Album Review: Dear Youth

It’s an amazing day when a band streams their album on YouTube two weeks before it’s actually released. It displays a sense of confidence and trust between an artist and fan, as well as giving anyone who’s too attached to a band’s previous work time to acquire a test for the new album. That describes The Ghost Inside’s new album, Dear Youth, perfectly. An acquired taste.

Depending on when you start listening to The Ghost Inside, that’s when you’ll find their best work. It’s not bad by any means, but it doesn’t quite live up to the standard their previous albums set. It’s still the lyrically impressive hardcore music fans have come to know and love, but Dear Youth differentiates itself in multiple ways, which aren’t necessarily for the best.

The most notable element from Dear Youth is poor studio quality of the entire album. Instead of complimenting each other, the instruments drown themselves out. The end result is Jonathan Vigil screaming at you with distorted background noise. That is to say the instruments aren’t bad, but they come off more generic compared to Returners and Get What You Give and the poor mixing of the album lacks the much needed oomph necessary for The Ghost Inside’s heavy style. This problem will be solved at concerts, but it doesn’t help the recorded versions whatsoever.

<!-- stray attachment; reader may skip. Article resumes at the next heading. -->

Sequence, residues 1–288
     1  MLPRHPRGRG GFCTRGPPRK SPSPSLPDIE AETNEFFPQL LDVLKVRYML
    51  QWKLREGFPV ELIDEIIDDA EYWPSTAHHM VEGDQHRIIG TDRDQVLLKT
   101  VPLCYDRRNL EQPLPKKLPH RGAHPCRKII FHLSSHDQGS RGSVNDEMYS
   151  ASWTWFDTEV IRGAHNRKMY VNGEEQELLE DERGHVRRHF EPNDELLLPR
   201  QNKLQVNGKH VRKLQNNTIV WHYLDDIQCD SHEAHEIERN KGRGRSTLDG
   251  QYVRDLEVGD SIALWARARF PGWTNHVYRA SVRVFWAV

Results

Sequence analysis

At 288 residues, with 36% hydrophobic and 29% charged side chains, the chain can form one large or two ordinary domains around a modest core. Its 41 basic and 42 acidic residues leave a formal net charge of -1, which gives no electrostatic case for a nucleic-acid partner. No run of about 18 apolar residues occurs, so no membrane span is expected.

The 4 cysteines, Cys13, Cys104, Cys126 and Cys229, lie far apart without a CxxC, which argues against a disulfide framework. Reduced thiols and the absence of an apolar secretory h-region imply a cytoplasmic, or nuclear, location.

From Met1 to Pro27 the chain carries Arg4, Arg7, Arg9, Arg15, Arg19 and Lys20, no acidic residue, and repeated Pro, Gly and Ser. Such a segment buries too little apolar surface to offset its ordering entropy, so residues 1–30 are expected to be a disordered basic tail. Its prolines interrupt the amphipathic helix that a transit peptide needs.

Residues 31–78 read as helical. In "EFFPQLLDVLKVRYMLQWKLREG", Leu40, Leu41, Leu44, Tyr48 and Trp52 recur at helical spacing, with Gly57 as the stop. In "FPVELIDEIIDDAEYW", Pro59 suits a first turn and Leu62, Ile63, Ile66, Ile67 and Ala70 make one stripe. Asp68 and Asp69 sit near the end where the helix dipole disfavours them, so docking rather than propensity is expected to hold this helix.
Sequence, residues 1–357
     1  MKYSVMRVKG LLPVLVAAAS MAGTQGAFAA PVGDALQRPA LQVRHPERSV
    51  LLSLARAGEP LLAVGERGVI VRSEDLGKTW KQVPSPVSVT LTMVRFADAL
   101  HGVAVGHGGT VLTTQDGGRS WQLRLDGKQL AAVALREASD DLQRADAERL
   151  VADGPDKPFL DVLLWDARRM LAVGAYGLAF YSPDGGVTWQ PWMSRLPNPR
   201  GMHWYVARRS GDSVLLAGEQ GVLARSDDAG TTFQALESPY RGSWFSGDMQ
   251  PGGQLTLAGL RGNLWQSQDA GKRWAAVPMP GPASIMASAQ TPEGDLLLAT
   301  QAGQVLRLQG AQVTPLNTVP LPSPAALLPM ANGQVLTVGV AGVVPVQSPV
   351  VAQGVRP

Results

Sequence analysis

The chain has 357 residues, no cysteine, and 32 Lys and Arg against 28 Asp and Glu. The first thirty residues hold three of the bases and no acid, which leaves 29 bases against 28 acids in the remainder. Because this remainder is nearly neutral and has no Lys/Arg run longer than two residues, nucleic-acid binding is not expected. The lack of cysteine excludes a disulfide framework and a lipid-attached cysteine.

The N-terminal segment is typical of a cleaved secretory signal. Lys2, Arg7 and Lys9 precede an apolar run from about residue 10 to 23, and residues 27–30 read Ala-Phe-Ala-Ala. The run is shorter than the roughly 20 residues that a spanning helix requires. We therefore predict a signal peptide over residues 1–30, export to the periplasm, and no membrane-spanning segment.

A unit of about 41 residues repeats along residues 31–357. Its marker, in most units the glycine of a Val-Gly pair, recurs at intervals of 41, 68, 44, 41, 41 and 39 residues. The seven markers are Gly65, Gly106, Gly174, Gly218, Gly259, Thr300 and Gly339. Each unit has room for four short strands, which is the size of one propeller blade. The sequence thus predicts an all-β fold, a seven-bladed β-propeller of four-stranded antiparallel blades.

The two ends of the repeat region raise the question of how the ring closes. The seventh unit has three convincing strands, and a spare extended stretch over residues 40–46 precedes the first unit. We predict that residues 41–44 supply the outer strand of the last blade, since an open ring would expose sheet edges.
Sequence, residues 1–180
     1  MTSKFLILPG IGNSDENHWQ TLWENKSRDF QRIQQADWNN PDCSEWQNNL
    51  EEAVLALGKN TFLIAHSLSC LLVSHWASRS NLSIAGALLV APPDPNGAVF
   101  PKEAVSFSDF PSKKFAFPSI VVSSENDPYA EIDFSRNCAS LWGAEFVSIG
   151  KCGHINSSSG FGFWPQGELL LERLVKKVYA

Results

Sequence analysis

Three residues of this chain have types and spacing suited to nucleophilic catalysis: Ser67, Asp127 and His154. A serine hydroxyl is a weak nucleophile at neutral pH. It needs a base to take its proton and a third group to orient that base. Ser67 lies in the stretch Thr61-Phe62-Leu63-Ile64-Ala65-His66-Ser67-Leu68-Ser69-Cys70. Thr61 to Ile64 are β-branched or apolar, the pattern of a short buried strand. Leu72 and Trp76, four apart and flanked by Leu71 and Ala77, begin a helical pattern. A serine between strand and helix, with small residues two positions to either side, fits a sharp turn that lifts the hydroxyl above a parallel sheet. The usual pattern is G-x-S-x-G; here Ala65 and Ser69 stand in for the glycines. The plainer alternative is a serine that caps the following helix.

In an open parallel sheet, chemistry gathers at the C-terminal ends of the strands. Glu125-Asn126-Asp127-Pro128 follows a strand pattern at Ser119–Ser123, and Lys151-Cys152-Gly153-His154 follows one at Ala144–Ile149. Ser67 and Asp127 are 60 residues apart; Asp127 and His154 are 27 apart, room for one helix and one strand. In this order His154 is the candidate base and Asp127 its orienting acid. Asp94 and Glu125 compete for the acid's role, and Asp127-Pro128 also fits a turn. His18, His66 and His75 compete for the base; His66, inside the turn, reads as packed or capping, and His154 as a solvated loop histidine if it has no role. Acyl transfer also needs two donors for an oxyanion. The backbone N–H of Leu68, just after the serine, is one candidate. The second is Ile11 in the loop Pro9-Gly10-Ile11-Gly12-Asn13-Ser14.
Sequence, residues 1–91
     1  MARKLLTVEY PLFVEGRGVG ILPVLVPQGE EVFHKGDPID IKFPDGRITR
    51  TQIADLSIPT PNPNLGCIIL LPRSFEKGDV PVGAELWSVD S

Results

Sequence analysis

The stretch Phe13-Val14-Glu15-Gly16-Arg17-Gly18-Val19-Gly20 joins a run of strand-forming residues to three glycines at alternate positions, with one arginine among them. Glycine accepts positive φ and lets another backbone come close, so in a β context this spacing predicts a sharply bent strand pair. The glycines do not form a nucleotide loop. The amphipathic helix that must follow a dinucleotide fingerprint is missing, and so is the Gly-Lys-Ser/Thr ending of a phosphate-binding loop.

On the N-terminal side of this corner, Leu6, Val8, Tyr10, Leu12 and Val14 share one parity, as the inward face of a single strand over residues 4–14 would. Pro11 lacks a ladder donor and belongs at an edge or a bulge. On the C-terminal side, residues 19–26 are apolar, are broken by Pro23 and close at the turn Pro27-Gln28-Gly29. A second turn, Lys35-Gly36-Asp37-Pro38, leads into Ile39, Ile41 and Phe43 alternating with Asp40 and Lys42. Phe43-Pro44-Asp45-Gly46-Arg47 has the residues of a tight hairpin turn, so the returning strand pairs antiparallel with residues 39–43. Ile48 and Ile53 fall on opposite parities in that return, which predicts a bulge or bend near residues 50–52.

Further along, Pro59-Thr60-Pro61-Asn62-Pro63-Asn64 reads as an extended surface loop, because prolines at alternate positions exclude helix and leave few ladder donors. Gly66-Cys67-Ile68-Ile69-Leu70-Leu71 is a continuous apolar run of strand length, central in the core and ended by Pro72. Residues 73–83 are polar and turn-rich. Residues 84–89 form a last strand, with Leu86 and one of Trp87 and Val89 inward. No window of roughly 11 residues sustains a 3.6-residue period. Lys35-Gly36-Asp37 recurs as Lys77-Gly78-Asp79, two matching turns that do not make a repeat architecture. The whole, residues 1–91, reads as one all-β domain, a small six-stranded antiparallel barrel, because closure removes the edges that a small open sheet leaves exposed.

Besides the weak the mix, the drumming seems slower and guitars slightly less melodic. Granted, there are exceptions like Dear Youth (the song, not the album) and Blank Pages. However, reducing the musical elements that originally distinguished The Ghost Inside combined with their lower emphasis on Dear Youth only blends them in with the thousands of other similar sounding bands. As a result, everything from riffs and breakdowns don’t stand out nearly as much with the exception of Mercy.

Vigil sounds like his normal self, which is good news considering how difficult it is for vocalists in hardcore genres to keep a consistent sound. His screams are still heavy, yet surprisingly clear, but Dear Youth doesn’t have nearly as much clean vocals as Get What You Give. It really helped give The Ghost Inside that melodic component. He sings a lot in Phoenix Flame, but it’s noticeably absent in far too many songs. Jason Butler from Letlive is featured in Wide Eyed and sounds out of place. But it’s a refreshing break in the album.